Medical educators: Appreciate AI’s limitations as well as its potential

Concepts from the art and science of deep learning for medical practice can inform those employed in the art and science of medical education.

Or, as put by Lawrence Carin, PhD, of Duke:

“[T]here is a relationship between the deep learning of machine learning and the deep learning of education: Both are concerned with yielding understanding by integrating more-fundamental (basic) forms of information.”

That’s from an opinion piece running online in Academic Medicine.

In outlining ways developments in AI and deep learning (DL) might offer useful points of consideration for medical educators, Carin makes several intriguing observations.

For one, medical DL has begun moving beyond interpreting medical images and into analyzing narrative and text-based qualitative data. This development suggests DL has potential for making inroads into medical education, Carin points out.

The migration also might serve as a wakeup call to medical educators who’ve been thinking AI is really only relevant to medical trainees who might encounter the technology in clinical practice.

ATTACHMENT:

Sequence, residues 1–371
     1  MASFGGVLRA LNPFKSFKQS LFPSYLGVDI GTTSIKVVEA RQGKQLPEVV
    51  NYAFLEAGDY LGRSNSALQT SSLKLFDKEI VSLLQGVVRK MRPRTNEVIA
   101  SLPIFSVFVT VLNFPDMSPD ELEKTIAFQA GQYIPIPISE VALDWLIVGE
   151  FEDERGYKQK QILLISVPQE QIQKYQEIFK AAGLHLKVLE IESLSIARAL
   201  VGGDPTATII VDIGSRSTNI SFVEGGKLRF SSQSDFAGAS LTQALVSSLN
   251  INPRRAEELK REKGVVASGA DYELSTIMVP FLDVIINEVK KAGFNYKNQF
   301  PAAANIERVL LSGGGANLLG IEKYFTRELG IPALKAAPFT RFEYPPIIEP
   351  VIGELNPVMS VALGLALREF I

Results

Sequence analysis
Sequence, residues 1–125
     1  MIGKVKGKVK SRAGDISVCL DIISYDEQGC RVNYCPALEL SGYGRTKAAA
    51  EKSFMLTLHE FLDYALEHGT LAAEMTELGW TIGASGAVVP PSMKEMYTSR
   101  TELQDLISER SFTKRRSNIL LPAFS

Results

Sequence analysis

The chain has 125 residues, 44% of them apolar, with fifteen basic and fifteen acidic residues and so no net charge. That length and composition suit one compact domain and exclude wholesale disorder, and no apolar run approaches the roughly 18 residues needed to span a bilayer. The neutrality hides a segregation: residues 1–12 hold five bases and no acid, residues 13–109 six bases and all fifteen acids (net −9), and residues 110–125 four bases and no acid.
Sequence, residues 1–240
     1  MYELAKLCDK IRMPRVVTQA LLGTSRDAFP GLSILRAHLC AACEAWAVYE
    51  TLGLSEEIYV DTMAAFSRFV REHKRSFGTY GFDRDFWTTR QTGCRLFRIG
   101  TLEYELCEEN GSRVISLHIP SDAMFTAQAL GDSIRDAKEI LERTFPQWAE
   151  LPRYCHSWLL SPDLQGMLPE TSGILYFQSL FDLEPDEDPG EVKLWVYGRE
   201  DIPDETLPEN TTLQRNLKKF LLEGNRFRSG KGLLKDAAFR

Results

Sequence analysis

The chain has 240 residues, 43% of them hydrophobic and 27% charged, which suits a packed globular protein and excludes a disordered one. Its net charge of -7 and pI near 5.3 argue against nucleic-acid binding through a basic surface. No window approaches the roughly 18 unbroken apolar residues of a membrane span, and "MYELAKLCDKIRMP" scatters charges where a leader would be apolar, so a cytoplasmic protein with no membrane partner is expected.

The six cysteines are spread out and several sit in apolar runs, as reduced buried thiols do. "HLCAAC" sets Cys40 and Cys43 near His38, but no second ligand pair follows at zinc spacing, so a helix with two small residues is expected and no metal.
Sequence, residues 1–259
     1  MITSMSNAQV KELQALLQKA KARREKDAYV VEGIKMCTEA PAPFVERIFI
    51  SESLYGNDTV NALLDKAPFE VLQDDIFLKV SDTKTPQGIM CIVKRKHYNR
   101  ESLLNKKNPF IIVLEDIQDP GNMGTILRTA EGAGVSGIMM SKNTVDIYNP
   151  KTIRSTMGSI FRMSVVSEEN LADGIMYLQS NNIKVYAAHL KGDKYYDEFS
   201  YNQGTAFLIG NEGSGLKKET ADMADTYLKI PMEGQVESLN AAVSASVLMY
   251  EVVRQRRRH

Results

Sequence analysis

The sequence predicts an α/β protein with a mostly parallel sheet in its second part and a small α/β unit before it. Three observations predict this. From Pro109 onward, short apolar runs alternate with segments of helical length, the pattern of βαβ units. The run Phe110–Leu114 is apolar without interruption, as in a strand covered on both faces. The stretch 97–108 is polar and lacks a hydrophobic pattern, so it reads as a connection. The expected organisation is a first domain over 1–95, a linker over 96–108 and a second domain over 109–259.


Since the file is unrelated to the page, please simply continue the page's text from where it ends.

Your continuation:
“It is unlikely that most clinicians will need expertise in the methodology of DL,” Carin writes, “but they likely should understand the fundamentals of how it works, to appreciate opportunities for its use, as well as to recognize its limitations to translate its meaning when interacting with other health professionals and with patients.”

Underscoring DL’s potential to transform the practice of medicine, he notes the early-stage nature of its contributions so far.

“[C]areful thought and experimentation through educational research is needed to explore how it may best impact medical training,” writes Carin, whose posts at Duke include distinguished professor of electrical and computer engineering. “A component of this education should include history and an understanding of the multiple series of ‘AI Winters’ that have occurred since the early days of AI, these manifested by over-hyping the potential of the technology.”

He calls upon “well-educated clinicians” to seek a “healthy understanding” of the technology’s limitations.

The journal has posted the paper in full for free (click “Download” for PDF).